Building my own virtual lab in vCloud Director with Terraform

0 Flares Twitter 0 Facebook 0 LinkedIn 0 Email -- 0 Flares ×

In a previous blog post I started to study Terraform, and how to connect it to vCloud Director. This time, I will build my entire lab using the same automation tool.

Networking

In any lab or production environment, we need to start from the ground: storage and networking. Since I’m using vCloud Director, the infrastructure is already taking care of the storage; so, I can immediately move to configuring networking.

For my Lab, I need a few organization networks, that would resemble my VLANs existing in the previous physical lab. The list is this:

NETWORK
VLAN
SUBNET
GATEWAY
dmz
111
10.10.111.0/24
10.10.111.254
management
51
10.10.51.0/24
10.10.51.254
storage
110
10.10.110.0/24
10.10.110.254
mpls
109
10.10.109.0/24
10.10.109.254

With these information, I can configure my networking template and feed Terraform with it. All the networks will be of the “Routed” type, as I will then use NSX Edge to manage traffic and firewalling between the different subnets.

In less than a minute, all my networks are successfully created:

Catalogs

vCloud Director heavily relies on catalogs to automate vApp creation, and so does Terraform. A catalog, as the name implies, is a collection of vApp templates and/or Installation media that can be then used to automatically create new VMs and vApps. As the first step, we need to create a new catalog:

Once we have a catalog, we upload our media files into it. For my lab, I need Windows 2016 and some Veeam installation files:

When I apply the terraform plan, it tells me it’s going to upload the media:

And I can check the progress while it’s happening:

Note: in this screenshot you can see that the ISO file for Veeam Backup & Replication was uploaded. In reality, the first attempt failed, since Terraform doesn’t really like special characters like &. I renamed both the description and the ISO file before uploading it again. Also, avoid any space in the resource name.

Depending on the size of the files and the available bandwidth, this may take a while, but eventually the process will complete, and the files will be loaded into the catalog and ready to be used:

Uploading large files over public internet seems a bit unstable using vCloud director api, and so the upload process could fail, and in that case the media will be left in the catalog in a broken state. I found no way to resume the upload, so if we are stuck in a failed upload we need to manually delete the media from the catalog, and try again until the upload will eventually complete.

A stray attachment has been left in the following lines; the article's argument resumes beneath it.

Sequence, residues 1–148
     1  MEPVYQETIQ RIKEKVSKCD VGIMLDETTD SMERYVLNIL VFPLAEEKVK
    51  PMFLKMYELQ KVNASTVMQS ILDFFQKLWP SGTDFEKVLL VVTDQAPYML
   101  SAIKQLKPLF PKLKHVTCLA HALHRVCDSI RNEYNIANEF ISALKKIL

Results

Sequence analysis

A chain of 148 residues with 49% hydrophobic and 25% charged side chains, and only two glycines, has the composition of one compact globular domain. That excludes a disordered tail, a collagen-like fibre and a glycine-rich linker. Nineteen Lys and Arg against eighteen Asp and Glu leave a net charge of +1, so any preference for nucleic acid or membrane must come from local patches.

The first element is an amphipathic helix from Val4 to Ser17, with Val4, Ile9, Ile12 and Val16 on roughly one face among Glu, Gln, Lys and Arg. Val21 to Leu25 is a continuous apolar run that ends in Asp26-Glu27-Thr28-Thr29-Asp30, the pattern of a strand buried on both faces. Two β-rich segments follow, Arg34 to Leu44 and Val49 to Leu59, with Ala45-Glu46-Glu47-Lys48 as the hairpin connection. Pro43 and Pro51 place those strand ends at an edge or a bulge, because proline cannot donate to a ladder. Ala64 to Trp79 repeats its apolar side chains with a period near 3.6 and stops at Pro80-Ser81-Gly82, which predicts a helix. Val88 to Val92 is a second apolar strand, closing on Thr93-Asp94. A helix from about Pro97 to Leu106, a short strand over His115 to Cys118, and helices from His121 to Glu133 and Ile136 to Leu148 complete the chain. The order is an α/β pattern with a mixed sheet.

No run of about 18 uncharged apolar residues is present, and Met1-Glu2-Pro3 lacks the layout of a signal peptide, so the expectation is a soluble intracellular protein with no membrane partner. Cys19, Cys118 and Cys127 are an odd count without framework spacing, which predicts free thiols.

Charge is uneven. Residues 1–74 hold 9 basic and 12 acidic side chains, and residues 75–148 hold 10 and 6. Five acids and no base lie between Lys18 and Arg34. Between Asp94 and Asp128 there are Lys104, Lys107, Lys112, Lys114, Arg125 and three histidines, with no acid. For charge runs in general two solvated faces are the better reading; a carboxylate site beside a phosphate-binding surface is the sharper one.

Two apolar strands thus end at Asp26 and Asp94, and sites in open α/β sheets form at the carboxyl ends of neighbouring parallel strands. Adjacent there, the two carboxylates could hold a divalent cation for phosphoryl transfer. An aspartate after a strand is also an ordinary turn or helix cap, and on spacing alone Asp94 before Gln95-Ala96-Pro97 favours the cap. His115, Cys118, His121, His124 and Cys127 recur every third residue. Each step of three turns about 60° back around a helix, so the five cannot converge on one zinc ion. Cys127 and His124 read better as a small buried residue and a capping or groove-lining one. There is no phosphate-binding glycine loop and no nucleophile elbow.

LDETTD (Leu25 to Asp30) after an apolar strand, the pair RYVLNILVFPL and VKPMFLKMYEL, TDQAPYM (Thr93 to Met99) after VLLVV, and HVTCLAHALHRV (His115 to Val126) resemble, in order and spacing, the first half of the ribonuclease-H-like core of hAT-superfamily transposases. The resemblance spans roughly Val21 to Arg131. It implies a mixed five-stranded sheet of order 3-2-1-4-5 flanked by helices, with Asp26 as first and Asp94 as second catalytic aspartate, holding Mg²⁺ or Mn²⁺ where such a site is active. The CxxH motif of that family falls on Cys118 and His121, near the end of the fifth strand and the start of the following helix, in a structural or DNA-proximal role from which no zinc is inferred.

Templates

I also want to have a template to build quickly new virtual machines, and since Veeam software runs on Windows, I want to have a Windows 2016 template. Since i don’t have a template ready to be used, I tried to find a way to build one, but it came out that Terraform can only create VMs from templates, and not empty ones.

So, at least for the very first time, we need to build a new vApp/VM from scratch and later convert it to an OVA. Once the VM is completed, with all the settings and all the possible Windows updates installed, we just need to add it to our catalog:

and eventually also export it for future use, so that we can upload the template as we did for the ISO files before:

vApp and VMs

Now that we finally have a Windows 2016 template, we can build our vApps. First, we create the new empty vApps:

The three new vApps are quickly created:

We then add the first virtual machine:

At first, I found that the execution of the plan was failing because of a timeout of 1 minute:

Searching around, I learned that Terraform has a default timeout for operations of 1 minute. This is enough when we were creating small resources like a new network or a firewall rule, but it’s definitely not enough if we are building a virtual machine. So, we first add these lines into the variables:

And we then configure it to be 1800 seconds, that is 30 minutes:

Time to fire the plan again!

And here we go! With enough time, the VM creation is completed, and we can see it available in the selected vApp, with all the parameters we configured:

There is still a lot to do, since for example the vm name is still the one of the template, the password is auto-created, and other few glitches that I still don’t like. I will talk about these next steps in a third post, that’s all for now!